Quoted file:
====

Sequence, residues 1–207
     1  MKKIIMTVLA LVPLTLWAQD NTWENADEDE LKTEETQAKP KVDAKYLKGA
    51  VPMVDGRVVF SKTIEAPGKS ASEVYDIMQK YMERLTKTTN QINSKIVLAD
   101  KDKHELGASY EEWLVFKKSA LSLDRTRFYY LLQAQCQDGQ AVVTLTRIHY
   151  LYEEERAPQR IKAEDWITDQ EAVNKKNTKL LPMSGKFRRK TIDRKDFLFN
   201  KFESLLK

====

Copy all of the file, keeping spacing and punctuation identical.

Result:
Sequence, residues 1–207
     1  MKKIIMTVLA LVPLTLWAQD NTWENADEDE LKTEETQAKP KVDAKYLKGA
    51  VPMVDGRVVF SKTIEAPGKS ASEVYDIMQK YMERLTKTTN QINSKIVLAD
   101  KDKHELGASY EEWLVFKKSA LSLDRTRFYY LLQAQCQDGQ AVVTLTRIHY
   151  LYEEERAPQR IKAEDWITDQ EAVNKKNTKL LPMSGKFRRK TIDRKDFLFN
   201  KFESLLK